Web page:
In 2019, CNN anchor Don Lemon was sued for sexual assault and battery in New York state court by Dustin Hice, and new developments suggest that the case will be tried in court next year. According to the complaint, Hice alleged that, at a bar, Lemon “put his hand down the front of his own shorts, and vigorously rubbed his genitalia, removed his hand and shoved his index and middle fingers into [Hice’s] mustache and under Plaintiff’s nose.” And, Hice’s allegations continue, Lemon did so forcefully enough that Hice moved his head back. While the litigation plays out in court, the case can give us some powerful lessons we can learn from it.
Assault isn’t battery… sometimes….
In normal conversation, it strikes people as odd that someone can get charged for “assault and battery” since assault and battery are usually thought of as synonyms. However, in the legal world, these are two different things. Assault is a threat someone makes that you might be touched (or even injured), while battery is the actual contact. So, for example, someone could commit “assault” if they threatened to shoot you with a gun, even if the gun wasn’t loaded and they never touched the trigger. On the other hand, a doctor could commit battery if they removed your appendix when they were supposed to give you a pacemaker. You were asleep—so you had no fear of injury, but you were injured regardless.
Indiana generally follows this rule, but other states may differ on the exact use of these terms.
Criminal charges and civil claims can arise out of the same incident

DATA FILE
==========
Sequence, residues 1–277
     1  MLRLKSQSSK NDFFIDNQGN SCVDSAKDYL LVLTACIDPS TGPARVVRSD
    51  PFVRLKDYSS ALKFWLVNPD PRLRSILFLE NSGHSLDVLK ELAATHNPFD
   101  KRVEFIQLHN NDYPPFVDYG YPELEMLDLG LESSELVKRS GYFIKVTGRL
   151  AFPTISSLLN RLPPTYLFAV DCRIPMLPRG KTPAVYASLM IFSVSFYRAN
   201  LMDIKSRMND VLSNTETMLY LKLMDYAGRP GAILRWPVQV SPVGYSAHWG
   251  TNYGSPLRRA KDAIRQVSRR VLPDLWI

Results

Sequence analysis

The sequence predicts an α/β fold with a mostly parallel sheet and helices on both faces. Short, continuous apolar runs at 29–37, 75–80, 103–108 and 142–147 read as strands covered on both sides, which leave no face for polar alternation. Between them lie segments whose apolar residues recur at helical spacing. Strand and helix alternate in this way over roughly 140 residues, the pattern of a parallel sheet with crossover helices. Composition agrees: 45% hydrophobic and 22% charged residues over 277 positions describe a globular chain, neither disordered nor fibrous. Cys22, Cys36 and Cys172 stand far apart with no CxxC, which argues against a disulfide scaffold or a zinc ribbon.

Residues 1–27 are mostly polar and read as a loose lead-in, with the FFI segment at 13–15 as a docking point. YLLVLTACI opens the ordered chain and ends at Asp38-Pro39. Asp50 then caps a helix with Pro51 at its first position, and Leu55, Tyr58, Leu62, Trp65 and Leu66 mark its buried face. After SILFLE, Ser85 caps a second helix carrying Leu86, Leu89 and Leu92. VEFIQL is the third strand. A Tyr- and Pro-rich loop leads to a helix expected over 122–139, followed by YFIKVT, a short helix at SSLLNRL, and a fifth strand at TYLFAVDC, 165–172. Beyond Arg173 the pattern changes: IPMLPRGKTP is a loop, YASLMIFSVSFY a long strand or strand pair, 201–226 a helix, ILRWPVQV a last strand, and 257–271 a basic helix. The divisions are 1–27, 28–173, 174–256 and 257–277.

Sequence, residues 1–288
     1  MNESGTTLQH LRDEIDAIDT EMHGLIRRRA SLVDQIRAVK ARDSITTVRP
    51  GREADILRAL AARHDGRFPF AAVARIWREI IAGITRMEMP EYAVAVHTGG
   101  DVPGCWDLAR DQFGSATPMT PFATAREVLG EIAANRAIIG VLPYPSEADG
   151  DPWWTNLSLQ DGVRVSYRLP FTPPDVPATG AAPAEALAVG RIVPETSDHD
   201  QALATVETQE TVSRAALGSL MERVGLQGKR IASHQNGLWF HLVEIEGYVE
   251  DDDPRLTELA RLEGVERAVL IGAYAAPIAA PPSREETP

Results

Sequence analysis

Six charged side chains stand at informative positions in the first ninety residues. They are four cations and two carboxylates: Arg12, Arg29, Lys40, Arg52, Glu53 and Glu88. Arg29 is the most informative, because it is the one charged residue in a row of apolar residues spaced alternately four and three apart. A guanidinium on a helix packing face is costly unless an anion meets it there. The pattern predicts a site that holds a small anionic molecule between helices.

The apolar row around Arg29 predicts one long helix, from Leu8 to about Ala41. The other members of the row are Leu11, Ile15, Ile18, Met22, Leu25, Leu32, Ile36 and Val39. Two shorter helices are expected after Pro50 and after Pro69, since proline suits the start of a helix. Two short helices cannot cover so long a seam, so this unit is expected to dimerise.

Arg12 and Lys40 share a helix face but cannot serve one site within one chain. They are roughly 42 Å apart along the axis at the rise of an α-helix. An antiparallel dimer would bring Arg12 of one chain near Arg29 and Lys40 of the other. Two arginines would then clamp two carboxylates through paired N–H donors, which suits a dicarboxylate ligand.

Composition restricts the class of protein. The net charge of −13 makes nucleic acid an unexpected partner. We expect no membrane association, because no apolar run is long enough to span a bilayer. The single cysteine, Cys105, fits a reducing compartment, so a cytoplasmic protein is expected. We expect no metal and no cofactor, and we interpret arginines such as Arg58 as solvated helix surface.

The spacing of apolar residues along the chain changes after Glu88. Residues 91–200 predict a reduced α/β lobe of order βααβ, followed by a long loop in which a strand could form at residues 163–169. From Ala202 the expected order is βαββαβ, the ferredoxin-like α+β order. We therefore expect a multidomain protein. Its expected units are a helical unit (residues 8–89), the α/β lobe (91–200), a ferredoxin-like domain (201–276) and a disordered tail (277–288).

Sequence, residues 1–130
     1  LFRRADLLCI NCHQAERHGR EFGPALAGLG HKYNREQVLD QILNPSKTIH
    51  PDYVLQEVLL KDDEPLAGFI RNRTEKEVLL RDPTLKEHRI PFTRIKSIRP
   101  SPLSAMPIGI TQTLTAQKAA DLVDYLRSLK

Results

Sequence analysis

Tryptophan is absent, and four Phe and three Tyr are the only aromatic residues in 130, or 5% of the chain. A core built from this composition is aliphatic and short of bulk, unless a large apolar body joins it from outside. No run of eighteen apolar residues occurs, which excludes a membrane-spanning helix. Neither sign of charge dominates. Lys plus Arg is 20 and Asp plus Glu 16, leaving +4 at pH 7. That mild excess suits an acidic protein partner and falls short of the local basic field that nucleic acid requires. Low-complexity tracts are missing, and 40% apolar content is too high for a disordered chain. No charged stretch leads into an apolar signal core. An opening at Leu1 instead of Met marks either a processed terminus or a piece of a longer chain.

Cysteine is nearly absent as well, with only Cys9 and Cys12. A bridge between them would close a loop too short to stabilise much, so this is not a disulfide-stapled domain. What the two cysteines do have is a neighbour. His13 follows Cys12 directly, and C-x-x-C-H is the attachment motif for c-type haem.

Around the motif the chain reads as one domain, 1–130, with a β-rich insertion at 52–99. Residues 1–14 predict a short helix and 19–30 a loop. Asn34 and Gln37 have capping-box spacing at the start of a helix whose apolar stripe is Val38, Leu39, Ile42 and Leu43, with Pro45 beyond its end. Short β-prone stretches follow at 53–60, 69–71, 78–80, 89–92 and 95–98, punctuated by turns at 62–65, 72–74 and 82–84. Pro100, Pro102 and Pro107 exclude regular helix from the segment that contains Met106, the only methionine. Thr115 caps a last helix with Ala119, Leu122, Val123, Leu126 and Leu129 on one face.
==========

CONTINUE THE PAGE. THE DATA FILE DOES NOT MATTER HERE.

The first thing to remember is that you can be criminally prosecuted and sued in civil court for the same conduct. There doesn’t seem to be any evidence that Lemon was charged in the Hice case, and there’s no indication in the complaint that Hice reported the incident to the police.
While New York laws are a bit different, it would be hard to say that Hice’s allegations constitute battery in Indiana. At most, a criminal charge would be that fear-of-contact version of an assault charge. Given that, it’s unlikely Hice’s complaint would have ever led to criminal prosecution.
However, Hice’s civil claim can go forward, and he could even win in court because the standard of proof is lower in a civil trial than in a criminal case. In a criminal case, prosecutors would have to meet the “beyond a reasonable doubt” standard to convict Lemon. At the same time, a civil jury need only decide there is a “preponderance of evidence” to find in favor of Hice.
If you are facing allegations of battery, assault, or a related crime, hire an experienced criminal defense attorney as soon as possible. As the Hice suit shows, the allegations against you can have repercussions that go far beyond even a conviction. Contact Razumich & Associates at (317) 449-8861 today for a free case evaluation.